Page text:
If killing isn’t wrong, then nothing is: A naturalistic defence of basic moral certainty
Under a CC-BY-NC-ND license: https://creativecommons.org/licenses/by-nc-nd/4.0/
This article develops and defends the Wittgensteinian idea of basic moral certainty that I advanced in earlier writings. It seeks to defend the core of this idea against criticisms issued by those who are appreciative of Wittgenstein’s analysis of empirical certainty, but who argue that moral certainty is significantly disanalogous to empirical certainty. They maintain that there are no universal moral certainties, only localised (hence relative) certainties embedded in culturally and historically specific moral ‘language-games’. In response to these criticisms I argue for the universality and naturalism of basic moral certainty, focusing on the central case of the wrongness of killing.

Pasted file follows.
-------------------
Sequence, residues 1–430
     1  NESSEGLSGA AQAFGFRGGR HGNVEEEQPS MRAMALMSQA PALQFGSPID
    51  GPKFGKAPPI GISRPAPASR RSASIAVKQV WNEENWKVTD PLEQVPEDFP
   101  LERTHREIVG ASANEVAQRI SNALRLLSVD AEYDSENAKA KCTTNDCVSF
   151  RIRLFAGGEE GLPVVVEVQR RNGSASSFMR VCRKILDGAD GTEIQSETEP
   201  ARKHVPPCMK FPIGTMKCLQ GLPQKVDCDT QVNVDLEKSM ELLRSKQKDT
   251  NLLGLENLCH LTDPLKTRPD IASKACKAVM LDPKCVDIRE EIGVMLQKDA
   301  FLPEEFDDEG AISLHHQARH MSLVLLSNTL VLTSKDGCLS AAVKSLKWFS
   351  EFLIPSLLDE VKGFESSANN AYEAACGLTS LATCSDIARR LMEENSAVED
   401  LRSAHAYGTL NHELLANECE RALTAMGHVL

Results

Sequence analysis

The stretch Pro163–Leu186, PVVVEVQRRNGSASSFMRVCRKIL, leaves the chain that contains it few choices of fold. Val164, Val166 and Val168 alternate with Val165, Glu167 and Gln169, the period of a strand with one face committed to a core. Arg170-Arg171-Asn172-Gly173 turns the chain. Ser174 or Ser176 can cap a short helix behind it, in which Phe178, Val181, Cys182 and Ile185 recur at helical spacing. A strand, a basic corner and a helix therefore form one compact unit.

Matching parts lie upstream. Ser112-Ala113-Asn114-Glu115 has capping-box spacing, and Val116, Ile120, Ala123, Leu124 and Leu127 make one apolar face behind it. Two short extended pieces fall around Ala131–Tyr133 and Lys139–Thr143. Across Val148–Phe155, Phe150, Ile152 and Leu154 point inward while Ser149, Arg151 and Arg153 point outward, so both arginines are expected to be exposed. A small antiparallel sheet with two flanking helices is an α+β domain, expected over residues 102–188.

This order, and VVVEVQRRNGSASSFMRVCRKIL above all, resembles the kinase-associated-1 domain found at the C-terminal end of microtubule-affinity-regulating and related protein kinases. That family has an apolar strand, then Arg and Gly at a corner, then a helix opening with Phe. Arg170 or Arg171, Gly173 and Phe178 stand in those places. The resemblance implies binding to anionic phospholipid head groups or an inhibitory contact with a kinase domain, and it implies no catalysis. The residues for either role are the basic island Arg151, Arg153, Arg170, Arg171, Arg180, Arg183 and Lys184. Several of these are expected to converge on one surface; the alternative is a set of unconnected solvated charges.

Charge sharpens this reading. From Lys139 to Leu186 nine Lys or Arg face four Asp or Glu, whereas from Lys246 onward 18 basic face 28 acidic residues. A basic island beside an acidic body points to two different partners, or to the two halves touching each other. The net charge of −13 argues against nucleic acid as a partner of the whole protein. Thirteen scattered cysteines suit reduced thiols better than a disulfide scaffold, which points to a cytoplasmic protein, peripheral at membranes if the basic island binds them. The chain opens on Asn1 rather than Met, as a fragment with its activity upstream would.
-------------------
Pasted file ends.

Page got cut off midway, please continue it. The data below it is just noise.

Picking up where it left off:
This is the final version of the article. Available from Peeters via the DOI in this record.
There is another ORE record for this publication: http://hdl.handle.net/10871/16574
Vol. 22 (1), pp. 197 - 215